- The polymorphism appears to also increase the risks of intestinal dysfunction, including Crohn’s disease and ulcerative colitis. This is because natural folates play such crucial roles in various areas of the intestinal tract.
About half the general population carries at least one type of polymorphism.
Along with other assessments, blood tests may be very useful to help determine folate-related problems. Here are some tests your health practitioner may perform:
- Homocysteine. This is one of the most common and accurate measures of folate status.
- Genetic test for C677T. Three potential results are negative (normal), heterozygous (one variant), and homozygous (two variants).
- Red blood cell count (including indices). This measures the quantity and quality of the cells and helps rule out anemia.
- Unmetabolized folic acid (not performed by all laboratories).
- Fasting serum folate and erythrocyte folate. (Most laboratories don’t differentiate between synthetic folic acid and 5MTHF.)
Many people have health problems associated with folate insufficiency or deficiency. The first factor in addressing these conditions is to assure sufficient amounts of natural folate from food are being consumed. In many cases, it’s also important to know if the genetic polymorphism exists, and whether the body is using adequate amounts of folate as indicated by homocysteine levels. This information can easily be obtained from blood tests. The second consideration is supplementing the diet as necessary.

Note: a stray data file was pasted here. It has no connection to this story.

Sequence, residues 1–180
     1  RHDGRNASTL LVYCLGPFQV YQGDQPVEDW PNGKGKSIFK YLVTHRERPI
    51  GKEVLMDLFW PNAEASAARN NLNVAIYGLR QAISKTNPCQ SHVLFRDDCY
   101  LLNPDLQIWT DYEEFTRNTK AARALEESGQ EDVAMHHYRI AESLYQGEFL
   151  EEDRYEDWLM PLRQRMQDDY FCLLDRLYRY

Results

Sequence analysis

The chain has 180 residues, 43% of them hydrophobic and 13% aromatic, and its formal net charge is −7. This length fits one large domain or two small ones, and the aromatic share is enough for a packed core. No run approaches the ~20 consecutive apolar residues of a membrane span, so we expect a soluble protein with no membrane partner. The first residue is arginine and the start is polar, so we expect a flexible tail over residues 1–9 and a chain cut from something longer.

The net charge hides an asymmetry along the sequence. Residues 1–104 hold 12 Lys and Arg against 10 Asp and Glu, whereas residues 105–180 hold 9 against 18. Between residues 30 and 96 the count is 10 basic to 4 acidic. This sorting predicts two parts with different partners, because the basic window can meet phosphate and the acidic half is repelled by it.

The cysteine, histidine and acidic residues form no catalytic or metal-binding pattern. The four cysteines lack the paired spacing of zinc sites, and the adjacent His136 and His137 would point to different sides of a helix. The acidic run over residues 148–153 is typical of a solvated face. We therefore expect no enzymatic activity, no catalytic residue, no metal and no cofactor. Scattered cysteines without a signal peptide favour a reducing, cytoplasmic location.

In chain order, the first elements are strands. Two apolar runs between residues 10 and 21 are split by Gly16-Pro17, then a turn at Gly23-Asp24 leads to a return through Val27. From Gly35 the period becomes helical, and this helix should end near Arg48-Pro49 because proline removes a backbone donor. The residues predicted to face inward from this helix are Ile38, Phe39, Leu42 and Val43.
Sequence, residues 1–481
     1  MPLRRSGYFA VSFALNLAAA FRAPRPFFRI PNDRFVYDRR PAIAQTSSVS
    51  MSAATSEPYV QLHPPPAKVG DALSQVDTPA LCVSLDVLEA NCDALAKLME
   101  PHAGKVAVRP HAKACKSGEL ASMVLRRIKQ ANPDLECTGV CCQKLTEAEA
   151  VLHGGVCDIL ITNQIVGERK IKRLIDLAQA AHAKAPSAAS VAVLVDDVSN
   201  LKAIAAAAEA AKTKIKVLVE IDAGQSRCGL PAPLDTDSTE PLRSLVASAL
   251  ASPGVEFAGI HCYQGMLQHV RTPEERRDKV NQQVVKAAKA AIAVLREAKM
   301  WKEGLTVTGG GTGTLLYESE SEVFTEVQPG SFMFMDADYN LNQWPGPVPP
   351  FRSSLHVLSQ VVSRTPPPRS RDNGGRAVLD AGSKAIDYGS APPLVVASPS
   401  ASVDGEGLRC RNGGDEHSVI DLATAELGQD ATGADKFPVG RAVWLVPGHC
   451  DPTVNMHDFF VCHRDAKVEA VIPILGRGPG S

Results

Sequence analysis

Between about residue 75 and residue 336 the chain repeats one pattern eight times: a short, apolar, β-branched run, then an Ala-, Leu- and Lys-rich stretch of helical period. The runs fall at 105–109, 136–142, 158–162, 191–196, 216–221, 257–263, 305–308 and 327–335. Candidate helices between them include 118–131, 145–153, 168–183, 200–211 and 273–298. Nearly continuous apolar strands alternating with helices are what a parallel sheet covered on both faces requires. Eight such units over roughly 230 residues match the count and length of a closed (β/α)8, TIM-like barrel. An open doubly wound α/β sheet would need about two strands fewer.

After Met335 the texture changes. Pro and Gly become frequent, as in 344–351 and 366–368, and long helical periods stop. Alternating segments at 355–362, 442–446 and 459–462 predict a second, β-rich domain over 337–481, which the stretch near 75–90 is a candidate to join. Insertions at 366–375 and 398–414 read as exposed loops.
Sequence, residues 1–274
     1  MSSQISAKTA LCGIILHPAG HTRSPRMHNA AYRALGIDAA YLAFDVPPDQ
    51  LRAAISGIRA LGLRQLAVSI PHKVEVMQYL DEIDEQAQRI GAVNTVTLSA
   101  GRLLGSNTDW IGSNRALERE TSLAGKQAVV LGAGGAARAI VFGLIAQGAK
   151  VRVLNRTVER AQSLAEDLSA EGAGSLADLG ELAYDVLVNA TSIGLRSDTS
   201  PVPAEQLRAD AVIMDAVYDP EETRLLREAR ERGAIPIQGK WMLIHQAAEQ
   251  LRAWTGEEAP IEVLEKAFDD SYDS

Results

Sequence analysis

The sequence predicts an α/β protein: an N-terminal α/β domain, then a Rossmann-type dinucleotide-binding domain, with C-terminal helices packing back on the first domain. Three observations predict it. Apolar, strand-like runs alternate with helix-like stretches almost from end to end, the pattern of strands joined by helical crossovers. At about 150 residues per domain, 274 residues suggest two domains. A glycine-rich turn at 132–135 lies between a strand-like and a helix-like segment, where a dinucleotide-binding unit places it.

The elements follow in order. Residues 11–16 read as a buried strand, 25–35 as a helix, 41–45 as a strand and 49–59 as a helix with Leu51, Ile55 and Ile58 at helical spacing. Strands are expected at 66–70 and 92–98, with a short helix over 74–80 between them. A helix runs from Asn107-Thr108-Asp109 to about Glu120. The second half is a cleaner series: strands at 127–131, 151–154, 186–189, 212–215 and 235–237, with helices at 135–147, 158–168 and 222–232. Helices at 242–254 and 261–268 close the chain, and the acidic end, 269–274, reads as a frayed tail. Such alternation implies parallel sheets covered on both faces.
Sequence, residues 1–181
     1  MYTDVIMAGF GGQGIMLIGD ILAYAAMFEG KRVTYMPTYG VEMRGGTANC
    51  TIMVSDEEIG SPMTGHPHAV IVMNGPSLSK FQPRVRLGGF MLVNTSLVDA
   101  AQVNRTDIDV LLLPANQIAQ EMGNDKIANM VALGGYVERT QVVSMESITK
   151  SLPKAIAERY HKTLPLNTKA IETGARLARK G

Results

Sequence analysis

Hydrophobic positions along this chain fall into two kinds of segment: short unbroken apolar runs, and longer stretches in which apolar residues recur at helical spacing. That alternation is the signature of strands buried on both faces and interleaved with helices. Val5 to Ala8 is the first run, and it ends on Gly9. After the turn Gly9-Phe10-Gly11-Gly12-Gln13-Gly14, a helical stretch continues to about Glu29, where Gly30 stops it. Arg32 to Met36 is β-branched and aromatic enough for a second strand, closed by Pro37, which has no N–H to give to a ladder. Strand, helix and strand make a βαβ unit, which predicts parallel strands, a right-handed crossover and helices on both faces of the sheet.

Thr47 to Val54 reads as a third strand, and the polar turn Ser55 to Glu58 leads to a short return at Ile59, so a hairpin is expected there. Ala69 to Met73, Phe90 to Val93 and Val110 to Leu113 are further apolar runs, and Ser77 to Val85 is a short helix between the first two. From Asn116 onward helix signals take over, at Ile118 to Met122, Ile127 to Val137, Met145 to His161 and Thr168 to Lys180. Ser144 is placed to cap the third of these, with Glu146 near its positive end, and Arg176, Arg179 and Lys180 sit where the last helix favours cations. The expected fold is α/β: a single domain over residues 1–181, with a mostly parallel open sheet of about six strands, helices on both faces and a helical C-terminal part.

Dietary Supplement Options
For people with higher folate needs, those who can’t/won’t eat sufficient amounts of healthy food, two types of dietary supplements are helpful.
The body’s most useful folate, 5MTHF, is available as a dietary supplement. This may be the most useful supplement for those with the polymorphism. Many nutrition-oriented health professionals use this nutrient, but it’s more difficult to find in stores. 5MTHF also would be the best folate form to use in fortification of processed foods, but that is unlikely due to higher costs.
Another form of folate, also available as a dietary supplement, is folinic acid. It too converts to 5MTHF in the body but some folinic acid is used in different biochemical pathways, especially in the synthesis of DNA and regulation of genetic materials. Clinicians sometimes use folinic acid as a dietary supplement along with 5MTHF, for brain-related problems and other conditions. (Patients taking the drug metholtrexate, used to treat rheumatoid arthritis and various cancers, significantly reduces folate in the body, and are often given high doses of folinic acid without adverse affects. Many NSAIDs also have antifolate activities, reducing the body’s level of folate.)
Whether you are folate deficient or not, eating folate-rich foods is essential to maintaining healthy folate levels in the body.